10 July 2023

On Tuesday 27 June, bereaved families, parliamentarians and campaigners joined together to mark the launch of INQUEST’s latest campaign: ‘No More Deaths: the case for a National Oversight Mechanism’.

INQUEST is calling for a National Oversight Mechanism: a new independent public body responsible for collating, analysing and following-up on recommendations arising from inquests, inquiries, official reviews and investigations into state-related deaths.

The launch event in the House of Commons was chaired by Baroness Helena Kennedy, alongside campaigning families and INQUEST.

INQUEST’s Director, Deborah Coles, outlined the background to the new campaign, which has arisen out of decades of working alongside bereaved families and lawyers fighting for truth, justice and accountability.  

What our monitoring of investigations, inquests, public inquiries and official reviews has time and again revealed is the reoccurrence of deaths in state care or custody in depressingly similar circumstances.

What’s more, investigatory processes repeatedly issue the same or similar recommendations made with the purpose of preventing future deaths. The reality of so many preventable deaths illustrates a systemic failure to enact change.

Two bereaved families who have worked closely with INQUEST spoke on the panel about their experiences.

Richard Caseby, the father of Matthew Caseby who died at the age of 23 after a catalogue of failures at a Priory hospital, spoke of how he feels at a “cliff edge” following the failures highlighted in his son’s care.

Writing in The Times ahead of the launch, Richard said that amidst all the grief after losing a child, “one other thought persists: a resolve that no other parent should suffer like you needlessly.” The National Oversight Mechanism, he told the attendees, is a key step to guarantee that the necessary changes to prevent new tragedies are made promptly.

Marienna Pope-Weidemann is an author, journalist and activist. In 2017 her 19 year old cousin Gaia died. Gaia was a rape survivor with complex needs who had been repeatedly failed by the police, mental health and social care services, and went missing from her home in Dorset.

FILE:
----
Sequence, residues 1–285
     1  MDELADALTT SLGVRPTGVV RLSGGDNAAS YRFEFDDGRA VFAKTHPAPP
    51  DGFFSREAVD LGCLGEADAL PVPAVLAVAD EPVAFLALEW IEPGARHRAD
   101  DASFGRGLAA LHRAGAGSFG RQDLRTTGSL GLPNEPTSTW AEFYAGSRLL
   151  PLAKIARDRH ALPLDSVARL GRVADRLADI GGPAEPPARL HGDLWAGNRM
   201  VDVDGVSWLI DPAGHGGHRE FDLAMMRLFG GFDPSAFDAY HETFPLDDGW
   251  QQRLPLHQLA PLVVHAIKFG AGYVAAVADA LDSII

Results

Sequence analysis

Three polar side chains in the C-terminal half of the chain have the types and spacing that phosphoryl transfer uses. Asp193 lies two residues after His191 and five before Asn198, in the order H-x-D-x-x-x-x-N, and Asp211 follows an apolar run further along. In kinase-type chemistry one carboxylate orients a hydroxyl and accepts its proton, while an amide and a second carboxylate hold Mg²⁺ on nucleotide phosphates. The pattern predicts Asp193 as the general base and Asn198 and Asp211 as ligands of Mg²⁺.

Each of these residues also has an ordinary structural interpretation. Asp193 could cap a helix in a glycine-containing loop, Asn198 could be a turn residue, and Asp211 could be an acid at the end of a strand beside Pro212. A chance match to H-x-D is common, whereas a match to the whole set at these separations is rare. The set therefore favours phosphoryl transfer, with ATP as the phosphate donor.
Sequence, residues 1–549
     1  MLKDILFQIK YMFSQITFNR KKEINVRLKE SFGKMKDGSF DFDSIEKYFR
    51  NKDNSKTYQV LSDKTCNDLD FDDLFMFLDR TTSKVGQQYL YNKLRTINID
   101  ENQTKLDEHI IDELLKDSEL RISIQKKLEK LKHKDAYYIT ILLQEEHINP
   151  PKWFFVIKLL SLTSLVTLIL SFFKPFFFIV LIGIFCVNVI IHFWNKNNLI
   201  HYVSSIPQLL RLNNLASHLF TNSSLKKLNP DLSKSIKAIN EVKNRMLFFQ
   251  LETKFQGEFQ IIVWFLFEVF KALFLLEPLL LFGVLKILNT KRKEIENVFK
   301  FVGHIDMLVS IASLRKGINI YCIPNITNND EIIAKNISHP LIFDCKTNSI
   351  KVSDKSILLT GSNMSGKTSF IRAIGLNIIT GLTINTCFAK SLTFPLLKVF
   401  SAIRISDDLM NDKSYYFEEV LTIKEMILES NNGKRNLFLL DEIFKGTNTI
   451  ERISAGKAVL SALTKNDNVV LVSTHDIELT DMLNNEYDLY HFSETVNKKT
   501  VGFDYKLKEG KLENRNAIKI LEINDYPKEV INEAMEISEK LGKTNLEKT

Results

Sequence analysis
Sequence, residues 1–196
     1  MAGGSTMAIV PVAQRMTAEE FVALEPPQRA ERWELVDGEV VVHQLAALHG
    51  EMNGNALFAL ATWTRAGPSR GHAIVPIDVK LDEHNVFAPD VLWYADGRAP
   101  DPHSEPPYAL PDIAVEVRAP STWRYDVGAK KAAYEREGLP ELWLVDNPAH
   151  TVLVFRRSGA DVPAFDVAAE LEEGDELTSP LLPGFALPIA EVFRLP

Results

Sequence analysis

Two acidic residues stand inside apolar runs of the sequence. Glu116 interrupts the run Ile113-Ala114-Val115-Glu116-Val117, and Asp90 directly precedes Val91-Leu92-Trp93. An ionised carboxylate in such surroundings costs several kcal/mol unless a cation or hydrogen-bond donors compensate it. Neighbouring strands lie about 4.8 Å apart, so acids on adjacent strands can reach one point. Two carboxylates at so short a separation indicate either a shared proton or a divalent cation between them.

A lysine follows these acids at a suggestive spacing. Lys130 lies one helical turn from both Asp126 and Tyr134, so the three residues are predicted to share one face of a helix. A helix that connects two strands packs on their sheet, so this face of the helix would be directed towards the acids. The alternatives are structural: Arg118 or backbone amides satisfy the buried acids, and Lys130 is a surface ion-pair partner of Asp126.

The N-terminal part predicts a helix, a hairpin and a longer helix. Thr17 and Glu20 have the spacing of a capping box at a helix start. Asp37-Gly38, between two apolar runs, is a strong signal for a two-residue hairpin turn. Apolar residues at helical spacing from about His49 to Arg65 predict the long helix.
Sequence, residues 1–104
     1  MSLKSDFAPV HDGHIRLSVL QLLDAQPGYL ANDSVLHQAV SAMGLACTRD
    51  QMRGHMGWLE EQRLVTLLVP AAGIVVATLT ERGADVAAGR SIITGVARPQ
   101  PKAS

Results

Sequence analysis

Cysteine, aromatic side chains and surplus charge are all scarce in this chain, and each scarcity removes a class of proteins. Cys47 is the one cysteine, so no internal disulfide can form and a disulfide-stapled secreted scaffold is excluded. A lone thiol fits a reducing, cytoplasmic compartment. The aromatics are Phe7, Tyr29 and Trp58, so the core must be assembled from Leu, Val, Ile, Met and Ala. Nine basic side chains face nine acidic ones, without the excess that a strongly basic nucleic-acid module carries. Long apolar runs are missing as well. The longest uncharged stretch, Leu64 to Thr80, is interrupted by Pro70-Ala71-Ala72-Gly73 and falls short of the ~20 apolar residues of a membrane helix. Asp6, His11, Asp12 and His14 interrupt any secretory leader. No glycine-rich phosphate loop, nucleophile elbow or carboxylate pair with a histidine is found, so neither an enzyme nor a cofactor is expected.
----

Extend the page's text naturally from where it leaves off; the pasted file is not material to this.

In her powerful call to action, Marienna said,

It’s too late to save our loved one and our lives will never be the same so what drives families is the promise that lessons will be learned; that changes will be made; that it will help prevent more deaths in future. Without a national oversight mechanism, that promise is a lie.

Marienna also wrote in The i about the campaign and her family’s experiences.

Leslie Thomas KC, a human rights barrister who has appeared in many high-profile cases such as Hillsborough and Grenfell, explained why better learning from investigations into state-related deaths is a critical part of the UK’s human rights framework.

Andy Slaughter MP and Shadow Solicitor General also discussed the importance recommendations can have when they lead to positive change and action.

The event also heard from several bereaved family members on the failures and gaps in accountability following the death of their family member. Many called on the Government to listen to their experiences and act on their calls for change.

INQUEST’s campaign has already been supported by over 45 organisations, including Liberty, JUSTICE, Runnymede and Grenfell United.

Now we need more support from people like you, as the campaign continues:

Learn more about the campaign here.

Find media coverage of the campaign on thr BBC Today Programme, in The Times, Guardian, The Justice Gap, A Lawyer Writes, UnHerd, and The Law and Policy Blog